The technique of bringing plants into flower outside their natural season is known as forcing. It is routinely practiced by growers to produce plants in flower over a longer period, and involves manipulating the plants’ days. Flowering is induced by the amount of light in hours (day length) rather than by its intensity, so if you use black plastic to simulate nighttime and electric light to simulate day, the plants can be fooled into triggering the formation of buds.
Bulbs that naturally flower in the spring, such as hyacinths, can be brought into flower during the winter by planting them in the fall and keeping them cool and dark (and the soil moist) for 6—10 weeks. When the shoots are 1—2 in. (2.5—5 cm) high, the bulbs can be brought indoors into a cool, well-lit spot; the leaves will extend and turn darker green, and the flower buds appear. They can then be moved to a warmer, brightly lit place to flower.
Choose bulbs specified for indoor use, and keep the soil moist throughout. As the flowers die down, it is important to feed and water the plants in order to replenish the food within the bulb ready for next year. After the fear of frost has passed, they can be planted outdoors to be enjoyed for years to come. Or you can lift them and store them over the summer in a cool, dry, dark place.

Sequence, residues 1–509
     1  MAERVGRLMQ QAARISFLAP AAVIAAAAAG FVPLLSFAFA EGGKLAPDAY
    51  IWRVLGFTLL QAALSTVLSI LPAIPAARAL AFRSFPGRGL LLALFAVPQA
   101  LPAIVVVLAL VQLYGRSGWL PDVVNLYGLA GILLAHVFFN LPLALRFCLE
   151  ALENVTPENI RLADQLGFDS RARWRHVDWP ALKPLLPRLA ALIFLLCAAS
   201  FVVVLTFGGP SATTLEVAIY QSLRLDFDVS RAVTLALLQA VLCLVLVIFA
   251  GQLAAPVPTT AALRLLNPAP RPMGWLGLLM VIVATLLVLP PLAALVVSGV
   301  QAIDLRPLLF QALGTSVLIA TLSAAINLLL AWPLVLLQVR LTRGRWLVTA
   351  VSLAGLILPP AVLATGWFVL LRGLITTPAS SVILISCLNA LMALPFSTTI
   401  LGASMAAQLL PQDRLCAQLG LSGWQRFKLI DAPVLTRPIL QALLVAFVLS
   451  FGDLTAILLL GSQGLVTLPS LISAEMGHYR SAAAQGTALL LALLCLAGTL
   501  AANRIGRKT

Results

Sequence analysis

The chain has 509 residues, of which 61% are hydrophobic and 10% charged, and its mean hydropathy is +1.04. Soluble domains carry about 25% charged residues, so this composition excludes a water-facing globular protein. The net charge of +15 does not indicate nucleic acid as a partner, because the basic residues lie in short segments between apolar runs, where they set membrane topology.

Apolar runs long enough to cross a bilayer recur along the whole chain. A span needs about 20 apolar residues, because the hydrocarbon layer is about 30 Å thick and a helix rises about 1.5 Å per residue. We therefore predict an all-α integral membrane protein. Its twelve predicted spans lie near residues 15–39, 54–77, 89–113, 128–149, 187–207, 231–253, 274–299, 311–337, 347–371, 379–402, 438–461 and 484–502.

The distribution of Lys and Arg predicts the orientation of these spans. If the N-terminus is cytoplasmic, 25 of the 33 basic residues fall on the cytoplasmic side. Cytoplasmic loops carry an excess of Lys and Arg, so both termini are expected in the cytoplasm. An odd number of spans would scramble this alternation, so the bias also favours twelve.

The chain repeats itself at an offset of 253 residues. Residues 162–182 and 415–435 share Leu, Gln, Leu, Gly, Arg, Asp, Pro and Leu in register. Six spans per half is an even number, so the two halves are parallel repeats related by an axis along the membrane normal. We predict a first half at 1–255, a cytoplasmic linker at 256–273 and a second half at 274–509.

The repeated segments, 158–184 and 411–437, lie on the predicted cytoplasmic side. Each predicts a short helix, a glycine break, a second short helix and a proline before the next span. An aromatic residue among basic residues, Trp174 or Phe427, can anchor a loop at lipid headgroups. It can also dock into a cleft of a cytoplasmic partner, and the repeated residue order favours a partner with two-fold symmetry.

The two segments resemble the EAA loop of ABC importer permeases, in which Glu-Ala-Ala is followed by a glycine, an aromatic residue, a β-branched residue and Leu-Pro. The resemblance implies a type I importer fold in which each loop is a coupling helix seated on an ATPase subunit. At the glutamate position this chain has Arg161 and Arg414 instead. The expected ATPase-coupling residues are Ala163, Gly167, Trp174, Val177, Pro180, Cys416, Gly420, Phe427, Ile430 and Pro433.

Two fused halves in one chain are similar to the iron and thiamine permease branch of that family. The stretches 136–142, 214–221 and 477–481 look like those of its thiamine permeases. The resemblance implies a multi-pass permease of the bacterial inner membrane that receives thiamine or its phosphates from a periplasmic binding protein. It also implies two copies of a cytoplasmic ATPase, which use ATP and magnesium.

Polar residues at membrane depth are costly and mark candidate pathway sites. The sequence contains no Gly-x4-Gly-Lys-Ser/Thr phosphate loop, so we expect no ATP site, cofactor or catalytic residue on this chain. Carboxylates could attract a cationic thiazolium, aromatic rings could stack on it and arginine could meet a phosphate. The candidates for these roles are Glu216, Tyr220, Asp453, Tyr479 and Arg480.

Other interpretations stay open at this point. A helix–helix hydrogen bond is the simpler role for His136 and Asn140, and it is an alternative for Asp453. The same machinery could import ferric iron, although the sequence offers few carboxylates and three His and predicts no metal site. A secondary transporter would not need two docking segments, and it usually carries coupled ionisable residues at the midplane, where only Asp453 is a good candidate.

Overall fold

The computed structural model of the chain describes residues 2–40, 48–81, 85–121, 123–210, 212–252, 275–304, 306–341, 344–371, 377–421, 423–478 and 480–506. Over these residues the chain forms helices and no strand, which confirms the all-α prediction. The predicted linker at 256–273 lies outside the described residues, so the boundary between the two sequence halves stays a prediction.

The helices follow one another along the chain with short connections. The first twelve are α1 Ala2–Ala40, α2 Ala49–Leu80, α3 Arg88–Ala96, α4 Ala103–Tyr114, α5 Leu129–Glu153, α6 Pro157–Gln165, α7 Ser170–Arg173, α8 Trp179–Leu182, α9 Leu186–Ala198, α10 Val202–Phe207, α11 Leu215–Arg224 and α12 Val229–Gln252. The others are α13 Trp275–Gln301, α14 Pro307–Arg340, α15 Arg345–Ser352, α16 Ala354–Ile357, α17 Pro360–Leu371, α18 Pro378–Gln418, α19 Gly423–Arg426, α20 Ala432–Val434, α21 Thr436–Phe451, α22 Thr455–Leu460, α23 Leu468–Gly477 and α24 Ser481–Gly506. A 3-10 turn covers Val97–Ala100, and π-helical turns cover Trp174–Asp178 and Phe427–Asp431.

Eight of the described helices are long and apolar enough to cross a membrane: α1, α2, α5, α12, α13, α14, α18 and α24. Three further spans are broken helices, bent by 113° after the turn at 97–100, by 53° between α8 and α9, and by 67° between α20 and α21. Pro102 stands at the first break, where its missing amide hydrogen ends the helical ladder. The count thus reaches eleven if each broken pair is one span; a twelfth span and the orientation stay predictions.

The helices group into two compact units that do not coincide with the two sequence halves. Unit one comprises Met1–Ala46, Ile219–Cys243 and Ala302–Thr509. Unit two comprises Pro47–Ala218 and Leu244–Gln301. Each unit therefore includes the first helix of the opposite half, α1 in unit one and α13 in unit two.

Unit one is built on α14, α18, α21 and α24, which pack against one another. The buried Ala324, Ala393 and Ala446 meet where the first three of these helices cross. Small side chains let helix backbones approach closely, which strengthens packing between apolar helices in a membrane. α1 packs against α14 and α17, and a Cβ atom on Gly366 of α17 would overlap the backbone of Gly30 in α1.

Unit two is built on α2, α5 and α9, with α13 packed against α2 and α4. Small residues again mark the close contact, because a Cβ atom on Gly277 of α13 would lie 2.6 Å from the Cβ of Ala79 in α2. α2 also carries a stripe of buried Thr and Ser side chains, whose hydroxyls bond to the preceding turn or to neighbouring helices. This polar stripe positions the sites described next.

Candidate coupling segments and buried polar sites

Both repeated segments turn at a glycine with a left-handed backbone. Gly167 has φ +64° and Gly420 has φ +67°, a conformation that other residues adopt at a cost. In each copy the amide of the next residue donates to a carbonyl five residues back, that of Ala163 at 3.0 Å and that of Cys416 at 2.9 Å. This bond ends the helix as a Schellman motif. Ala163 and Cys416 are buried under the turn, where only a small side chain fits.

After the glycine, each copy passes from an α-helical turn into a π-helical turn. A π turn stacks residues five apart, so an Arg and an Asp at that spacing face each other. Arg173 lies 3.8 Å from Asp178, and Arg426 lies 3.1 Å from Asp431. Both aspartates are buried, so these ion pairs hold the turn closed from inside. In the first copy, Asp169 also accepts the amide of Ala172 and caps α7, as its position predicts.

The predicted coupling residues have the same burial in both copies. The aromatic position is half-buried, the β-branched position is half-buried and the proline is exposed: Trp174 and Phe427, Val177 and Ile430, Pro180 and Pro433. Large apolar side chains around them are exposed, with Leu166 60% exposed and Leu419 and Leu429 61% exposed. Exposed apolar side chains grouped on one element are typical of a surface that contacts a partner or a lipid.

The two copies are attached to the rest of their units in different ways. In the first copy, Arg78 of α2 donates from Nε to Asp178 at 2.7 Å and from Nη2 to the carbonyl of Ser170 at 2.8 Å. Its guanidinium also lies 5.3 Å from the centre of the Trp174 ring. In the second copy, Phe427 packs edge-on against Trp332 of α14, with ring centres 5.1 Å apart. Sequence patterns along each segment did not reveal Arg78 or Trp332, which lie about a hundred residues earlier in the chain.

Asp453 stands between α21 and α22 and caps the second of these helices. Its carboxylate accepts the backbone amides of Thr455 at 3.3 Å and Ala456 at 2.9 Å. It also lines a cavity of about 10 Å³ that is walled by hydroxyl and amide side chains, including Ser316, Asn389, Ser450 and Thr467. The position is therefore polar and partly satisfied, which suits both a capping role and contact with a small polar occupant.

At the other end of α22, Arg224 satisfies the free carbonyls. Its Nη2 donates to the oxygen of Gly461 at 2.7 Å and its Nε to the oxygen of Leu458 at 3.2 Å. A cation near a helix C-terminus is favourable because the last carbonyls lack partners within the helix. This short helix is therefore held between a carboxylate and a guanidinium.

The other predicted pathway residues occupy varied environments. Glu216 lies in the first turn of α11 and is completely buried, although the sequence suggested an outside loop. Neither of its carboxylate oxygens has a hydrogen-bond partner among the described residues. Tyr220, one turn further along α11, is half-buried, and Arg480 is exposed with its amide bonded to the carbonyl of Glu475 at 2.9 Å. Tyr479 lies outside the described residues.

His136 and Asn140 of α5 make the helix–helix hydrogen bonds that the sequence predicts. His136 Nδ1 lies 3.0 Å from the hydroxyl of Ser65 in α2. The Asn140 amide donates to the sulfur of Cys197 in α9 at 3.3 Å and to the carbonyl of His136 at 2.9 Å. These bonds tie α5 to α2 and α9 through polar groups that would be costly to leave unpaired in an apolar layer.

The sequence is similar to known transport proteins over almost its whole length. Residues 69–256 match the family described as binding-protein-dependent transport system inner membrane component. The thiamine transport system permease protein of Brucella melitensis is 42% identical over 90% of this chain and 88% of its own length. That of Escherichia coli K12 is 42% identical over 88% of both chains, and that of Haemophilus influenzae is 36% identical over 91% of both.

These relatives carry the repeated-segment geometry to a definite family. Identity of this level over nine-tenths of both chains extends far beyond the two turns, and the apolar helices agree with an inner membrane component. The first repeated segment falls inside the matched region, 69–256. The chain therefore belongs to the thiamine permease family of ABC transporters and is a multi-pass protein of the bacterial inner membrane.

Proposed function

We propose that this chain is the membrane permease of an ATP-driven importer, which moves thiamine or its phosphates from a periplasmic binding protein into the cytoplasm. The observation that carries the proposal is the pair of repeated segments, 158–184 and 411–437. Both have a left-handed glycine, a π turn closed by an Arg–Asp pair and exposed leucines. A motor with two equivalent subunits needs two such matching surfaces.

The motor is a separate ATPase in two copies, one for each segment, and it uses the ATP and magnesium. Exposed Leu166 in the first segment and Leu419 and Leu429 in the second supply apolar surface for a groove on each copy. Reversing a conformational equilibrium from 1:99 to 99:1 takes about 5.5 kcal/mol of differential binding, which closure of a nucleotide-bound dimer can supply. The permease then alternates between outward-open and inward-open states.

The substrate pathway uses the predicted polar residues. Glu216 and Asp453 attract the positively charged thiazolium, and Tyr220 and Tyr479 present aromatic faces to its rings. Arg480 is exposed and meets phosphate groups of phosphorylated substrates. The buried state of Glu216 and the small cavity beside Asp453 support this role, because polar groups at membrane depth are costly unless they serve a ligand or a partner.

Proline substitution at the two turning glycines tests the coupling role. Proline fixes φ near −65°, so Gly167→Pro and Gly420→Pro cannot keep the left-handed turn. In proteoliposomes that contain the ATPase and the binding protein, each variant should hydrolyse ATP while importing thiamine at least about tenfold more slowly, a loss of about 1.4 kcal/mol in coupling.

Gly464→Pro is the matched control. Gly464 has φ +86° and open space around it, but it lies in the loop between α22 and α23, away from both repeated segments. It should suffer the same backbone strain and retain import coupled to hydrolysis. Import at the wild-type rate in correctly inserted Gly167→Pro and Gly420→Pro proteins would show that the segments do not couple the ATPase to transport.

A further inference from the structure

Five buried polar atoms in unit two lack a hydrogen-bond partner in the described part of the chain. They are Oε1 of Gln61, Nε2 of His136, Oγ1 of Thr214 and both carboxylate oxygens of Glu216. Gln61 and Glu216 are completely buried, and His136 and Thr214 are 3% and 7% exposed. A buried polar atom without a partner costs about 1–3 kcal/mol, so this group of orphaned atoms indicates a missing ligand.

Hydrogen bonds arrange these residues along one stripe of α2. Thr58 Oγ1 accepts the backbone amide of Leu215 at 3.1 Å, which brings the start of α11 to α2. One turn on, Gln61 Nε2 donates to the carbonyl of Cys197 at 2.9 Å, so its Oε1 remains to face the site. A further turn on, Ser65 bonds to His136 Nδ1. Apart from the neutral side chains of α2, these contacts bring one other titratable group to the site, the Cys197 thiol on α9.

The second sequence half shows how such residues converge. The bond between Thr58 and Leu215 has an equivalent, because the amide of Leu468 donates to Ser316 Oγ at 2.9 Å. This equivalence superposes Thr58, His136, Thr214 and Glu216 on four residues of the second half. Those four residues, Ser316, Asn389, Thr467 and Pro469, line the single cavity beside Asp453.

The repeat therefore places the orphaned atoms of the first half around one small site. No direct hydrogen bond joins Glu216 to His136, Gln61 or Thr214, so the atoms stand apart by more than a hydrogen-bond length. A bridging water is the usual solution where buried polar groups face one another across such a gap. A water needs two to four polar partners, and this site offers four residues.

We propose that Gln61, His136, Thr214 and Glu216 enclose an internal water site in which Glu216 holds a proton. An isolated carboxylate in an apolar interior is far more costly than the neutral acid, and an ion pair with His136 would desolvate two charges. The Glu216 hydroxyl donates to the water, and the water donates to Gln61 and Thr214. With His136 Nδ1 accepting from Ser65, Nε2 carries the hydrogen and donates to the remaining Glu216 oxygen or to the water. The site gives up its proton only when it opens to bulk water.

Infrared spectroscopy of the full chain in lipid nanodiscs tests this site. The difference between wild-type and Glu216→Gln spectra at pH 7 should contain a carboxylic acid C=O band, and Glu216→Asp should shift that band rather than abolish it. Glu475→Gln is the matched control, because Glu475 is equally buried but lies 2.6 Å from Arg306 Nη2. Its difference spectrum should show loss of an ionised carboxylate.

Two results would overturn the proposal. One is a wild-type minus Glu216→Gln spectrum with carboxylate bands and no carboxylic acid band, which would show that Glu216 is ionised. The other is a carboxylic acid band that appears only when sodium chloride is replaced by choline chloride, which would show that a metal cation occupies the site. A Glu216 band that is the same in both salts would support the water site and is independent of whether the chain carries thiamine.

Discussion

Plants that flower indoors fall into two categories: those which flower annually without help, and those which are discarded after flowering. Of the latter, some, such as poinsettias and azaleas, can be coaxed to flower again. Poinsettias can be brought back into color, but will be taller than before, because commercial growers use growth regulators to produce a compact, bushy plant.
After the bracts and leaves fall, cut the stems down to 4 in. (10 cm) stumps. Keep the plant almost dry until early summer, then repot (in the same size pot), and increase watering and feeding, selecting 4—5 strong stems. In fall, cover nightly with black plastic for 14 hours for 8 weeks, then treat normally to produce bracts for winter.
If you have the time, space, and patience to persevere with them, there are many plants that can be brought back into flower a second time. They may not be as spectacular second time around, but this is much more satisfying than discarding them.
Plants for forcing
- Bulbs: Narcissus, hyacinth, crocus, ins, tulip, amaryllis, lily, and freesia can all be brought into flower outside their natural season by controlling their growing conditions.
- Flowering plants: Azaleas and poinsettias can be brought back into flower by manipulating day length and temperature. Other flowering plants can be brought forward or held back when they have set buds by moving them to a warmer or cooler position.